Modeling China: Business, Politics, and Material in China's Museum Industry

by Aleksandra Maria Lee

Institution: University of California – Irvine
Year: 2016
Keywords: Cultural anthropology; Asian studies; Museum studies; Business; China; Design; Material; Museum; Politics
Posted: 02/05/2017
Record ID: 2135069
Full text PDF: http://www.escholarship.org/uc/item/3pv606dm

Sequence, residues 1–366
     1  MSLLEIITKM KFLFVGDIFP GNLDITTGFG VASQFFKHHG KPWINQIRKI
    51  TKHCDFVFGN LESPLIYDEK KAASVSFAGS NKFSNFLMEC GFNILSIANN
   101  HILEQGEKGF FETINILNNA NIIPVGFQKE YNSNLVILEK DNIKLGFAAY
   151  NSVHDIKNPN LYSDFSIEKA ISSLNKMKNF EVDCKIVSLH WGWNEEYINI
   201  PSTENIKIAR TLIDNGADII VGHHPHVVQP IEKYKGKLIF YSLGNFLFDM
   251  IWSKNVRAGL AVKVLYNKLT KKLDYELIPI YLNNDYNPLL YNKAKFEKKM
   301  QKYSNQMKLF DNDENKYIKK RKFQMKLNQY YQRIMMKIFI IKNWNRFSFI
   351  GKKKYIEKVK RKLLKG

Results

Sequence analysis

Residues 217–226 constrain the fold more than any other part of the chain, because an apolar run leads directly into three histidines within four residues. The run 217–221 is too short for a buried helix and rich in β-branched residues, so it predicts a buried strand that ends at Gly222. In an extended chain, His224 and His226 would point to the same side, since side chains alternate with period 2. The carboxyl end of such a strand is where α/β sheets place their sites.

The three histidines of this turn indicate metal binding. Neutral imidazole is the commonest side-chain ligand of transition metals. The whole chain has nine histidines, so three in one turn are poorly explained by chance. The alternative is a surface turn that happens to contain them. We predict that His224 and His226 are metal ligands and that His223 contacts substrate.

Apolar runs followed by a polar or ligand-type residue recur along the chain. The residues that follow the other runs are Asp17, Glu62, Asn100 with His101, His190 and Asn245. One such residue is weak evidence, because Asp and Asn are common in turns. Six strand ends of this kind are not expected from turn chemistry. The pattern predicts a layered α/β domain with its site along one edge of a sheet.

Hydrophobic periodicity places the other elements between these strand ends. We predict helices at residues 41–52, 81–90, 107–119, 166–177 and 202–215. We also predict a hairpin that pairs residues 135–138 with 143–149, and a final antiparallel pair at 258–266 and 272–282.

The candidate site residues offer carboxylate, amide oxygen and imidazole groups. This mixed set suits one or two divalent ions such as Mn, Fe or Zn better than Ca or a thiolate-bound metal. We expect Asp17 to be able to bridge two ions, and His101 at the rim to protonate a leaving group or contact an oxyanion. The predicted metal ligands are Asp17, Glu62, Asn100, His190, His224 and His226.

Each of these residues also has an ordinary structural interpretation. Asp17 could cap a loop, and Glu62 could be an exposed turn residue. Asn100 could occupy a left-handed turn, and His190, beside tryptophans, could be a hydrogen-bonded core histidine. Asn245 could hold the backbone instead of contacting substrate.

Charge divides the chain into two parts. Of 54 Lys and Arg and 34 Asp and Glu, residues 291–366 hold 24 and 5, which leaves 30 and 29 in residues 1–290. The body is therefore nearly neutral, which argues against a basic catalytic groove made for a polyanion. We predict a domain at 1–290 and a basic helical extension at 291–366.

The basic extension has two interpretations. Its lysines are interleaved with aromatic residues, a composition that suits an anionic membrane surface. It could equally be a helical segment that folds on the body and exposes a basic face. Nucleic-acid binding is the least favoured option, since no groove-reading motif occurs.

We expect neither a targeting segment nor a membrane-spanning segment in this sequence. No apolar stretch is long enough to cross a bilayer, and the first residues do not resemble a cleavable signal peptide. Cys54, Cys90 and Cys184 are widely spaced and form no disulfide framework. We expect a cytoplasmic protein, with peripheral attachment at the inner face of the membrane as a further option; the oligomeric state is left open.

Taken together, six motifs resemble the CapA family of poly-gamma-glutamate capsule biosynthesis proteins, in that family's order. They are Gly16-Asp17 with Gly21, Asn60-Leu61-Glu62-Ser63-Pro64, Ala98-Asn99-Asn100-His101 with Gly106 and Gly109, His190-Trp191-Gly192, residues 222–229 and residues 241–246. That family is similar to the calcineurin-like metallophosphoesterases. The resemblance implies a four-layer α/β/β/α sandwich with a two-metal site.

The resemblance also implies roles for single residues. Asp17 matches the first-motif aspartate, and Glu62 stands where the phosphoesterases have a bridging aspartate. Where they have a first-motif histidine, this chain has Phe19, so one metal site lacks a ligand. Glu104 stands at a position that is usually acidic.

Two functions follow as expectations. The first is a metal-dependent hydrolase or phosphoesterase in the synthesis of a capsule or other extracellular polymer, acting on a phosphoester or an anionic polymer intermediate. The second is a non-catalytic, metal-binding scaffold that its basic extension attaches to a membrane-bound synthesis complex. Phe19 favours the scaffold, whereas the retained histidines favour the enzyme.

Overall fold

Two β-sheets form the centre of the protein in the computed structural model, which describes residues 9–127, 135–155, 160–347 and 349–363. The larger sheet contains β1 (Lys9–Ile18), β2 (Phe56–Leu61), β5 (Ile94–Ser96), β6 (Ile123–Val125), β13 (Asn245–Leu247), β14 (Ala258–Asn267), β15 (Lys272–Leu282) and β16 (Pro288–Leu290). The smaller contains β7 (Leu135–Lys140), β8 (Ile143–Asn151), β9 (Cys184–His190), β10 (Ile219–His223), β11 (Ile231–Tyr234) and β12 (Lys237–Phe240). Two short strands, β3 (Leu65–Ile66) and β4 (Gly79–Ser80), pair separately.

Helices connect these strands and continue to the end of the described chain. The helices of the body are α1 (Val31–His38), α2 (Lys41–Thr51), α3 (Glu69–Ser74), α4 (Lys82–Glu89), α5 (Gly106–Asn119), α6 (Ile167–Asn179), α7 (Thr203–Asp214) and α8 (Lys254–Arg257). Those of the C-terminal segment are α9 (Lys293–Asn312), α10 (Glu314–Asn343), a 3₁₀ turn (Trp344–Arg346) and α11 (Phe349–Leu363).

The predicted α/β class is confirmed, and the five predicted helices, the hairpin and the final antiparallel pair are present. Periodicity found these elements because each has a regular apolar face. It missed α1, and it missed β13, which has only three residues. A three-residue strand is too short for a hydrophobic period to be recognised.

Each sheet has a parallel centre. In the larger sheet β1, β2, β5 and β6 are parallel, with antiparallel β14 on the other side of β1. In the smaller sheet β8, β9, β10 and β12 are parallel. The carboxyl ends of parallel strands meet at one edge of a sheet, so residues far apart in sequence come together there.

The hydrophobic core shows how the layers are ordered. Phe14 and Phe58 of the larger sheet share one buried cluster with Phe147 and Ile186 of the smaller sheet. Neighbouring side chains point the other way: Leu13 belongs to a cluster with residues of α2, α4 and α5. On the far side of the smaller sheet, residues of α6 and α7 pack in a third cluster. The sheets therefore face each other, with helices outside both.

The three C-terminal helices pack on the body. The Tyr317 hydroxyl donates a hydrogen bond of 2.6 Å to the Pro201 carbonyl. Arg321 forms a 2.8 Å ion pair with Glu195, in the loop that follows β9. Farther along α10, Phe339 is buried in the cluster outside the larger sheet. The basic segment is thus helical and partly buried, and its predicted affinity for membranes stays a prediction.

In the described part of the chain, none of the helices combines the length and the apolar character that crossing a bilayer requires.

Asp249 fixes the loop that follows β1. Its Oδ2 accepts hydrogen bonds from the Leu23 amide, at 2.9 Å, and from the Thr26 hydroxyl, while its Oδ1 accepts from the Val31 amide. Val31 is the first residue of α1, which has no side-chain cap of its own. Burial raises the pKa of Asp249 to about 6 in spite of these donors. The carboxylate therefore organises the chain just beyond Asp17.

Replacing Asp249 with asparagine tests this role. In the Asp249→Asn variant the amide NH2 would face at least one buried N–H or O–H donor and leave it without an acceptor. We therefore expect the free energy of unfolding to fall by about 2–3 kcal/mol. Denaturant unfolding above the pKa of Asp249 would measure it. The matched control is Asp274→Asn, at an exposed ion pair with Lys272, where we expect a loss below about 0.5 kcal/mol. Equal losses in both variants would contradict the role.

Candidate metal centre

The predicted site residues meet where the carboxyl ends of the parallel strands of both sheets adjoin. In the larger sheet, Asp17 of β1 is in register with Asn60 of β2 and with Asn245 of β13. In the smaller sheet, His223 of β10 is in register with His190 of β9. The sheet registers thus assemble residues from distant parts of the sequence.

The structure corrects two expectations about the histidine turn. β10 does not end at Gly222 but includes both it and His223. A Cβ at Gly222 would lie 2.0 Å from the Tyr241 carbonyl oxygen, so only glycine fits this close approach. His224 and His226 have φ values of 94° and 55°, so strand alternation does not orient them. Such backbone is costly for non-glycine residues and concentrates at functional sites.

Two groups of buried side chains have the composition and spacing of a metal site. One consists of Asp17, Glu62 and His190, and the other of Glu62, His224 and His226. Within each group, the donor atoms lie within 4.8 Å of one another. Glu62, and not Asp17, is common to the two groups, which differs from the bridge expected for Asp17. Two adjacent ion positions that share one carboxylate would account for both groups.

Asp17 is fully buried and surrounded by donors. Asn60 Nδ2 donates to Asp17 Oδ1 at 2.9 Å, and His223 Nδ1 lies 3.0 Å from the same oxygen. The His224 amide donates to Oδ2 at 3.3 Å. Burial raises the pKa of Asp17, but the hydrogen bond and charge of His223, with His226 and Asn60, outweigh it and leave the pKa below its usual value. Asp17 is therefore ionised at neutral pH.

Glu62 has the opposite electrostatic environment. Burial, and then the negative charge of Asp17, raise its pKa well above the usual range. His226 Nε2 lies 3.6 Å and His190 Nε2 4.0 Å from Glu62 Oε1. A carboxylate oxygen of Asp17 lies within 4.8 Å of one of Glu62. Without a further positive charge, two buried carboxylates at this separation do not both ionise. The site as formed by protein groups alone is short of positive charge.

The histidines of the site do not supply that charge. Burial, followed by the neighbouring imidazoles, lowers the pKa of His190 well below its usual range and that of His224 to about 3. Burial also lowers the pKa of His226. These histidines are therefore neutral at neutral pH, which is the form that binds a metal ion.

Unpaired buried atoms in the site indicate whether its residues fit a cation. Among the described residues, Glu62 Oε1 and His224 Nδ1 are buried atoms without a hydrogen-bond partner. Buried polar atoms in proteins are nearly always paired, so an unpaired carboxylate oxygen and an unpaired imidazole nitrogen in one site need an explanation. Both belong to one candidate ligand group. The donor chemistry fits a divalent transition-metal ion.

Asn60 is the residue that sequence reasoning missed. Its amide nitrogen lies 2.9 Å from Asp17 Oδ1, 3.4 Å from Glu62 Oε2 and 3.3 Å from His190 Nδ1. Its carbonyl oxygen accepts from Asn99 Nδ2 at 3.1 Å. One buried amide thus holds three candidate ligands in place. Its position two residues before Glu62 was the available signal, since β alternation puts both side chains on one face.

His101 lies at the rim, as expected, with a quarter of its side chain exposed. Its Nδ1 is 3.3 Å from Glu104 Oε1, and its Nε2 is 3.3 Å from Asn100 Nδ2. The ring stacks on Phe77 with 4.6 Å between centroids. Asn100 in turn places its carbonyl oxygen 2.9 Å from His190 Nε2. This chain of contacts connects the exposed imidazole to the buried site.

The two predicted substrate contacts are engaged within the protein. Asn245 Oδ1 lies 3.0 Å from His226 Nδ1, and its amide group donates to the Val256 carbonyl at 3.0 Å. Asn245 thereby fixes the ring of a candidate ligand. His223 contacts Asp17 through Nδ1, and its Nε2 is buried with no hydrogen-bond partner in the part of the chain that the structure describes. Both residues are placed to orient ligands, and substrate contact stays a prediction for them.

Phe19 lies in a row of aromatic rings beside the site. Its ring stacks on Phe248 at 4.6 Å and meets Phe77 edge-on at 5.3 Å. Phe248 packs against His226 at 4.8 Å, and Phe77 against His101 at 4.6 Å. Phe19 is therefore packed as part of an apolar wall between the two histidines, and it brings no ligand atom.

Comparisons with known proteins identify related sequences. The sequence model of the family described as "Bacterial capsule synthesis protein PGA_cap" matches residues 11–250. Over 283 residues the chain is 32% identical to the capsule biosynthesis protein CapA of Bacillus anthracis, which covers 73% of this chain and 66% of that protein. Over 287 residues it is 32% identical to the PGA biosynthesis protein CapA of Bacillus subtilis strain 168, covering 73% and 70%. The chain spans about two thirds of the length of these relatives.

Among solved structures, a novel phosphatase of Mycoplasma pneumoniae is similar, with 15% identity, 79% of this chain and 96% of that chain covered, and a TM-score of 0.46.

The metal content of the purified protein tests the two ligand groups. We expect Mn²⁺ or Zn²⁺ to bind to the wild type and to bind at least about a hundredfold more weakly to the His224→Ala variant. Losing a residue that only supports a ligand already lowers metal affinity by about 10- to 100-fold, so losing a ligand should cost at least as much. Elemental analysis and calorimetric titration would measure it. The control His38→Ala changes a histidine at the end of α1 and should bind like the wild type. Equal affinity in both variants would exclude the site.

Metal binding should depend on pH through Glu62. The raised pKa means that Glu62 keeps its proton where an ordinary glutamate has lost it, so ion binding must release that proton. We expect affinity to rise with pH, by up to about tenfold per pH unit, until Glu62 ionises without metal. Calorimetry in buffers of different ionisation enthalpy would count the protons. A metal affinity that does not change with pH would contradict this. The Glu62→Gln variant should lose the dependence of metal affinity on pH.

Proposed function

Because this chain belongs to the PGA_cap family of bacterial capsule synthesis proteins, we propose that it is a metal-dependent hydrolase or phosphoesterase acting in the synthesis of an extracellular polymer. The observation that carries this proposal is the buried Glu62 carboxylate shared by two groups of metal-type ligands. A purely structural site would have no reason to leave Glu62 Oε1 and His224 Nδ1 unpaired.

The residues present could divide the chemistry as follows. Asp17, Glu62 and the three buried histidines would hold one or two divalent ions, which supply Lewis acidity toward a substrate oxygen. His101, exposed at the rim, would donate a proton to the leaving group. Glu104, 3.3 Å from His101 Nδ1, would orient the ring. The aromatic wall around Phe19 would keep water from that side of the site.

This ethnography examines changing relationships between government and business through the emergence of a booming museum industry in developing, postsocialist China. Some sources estimate that in China a new museum opens every three days. Most new museums are built by local governments with public money, and they have become big business for privately held small museum production companies. This new industry provides services in researching museum content, curating collections, producing artifact replicas, designing exhibits, and constructing interiors. Building on studies of how state power is reproduced in the halls of public museums, this dissertation examines how political ideology intersects with small business concerns and design practices to shape new displays of Chinese history and culture in public space. This ethnography is based on participant observation conducted between 2011 and 2014 with one of the new museum production companies. It also draws on interviews with local officials and industry participants; visual analysis of museums of local history, ecology, industry, and urban planning; and analysis of news media and law concerning museums, cultural heritage, and corruption between state and industry. Models of development and postsocialist privatization frame the entanglement of state and industry as not yet modern. This dissertation examines the use of development models to measure China’s progress as a practice of modeling that echoes other practices of modeling, including the creation of museum scale models, the crafting of artifact replicas, and the design of museum exhibits that reference and recycle earlier designs. It argues that public and private, real and fake, original and copy are plastic categories that become meaningful as they are reshaped by everyday practices of governance, business, and design.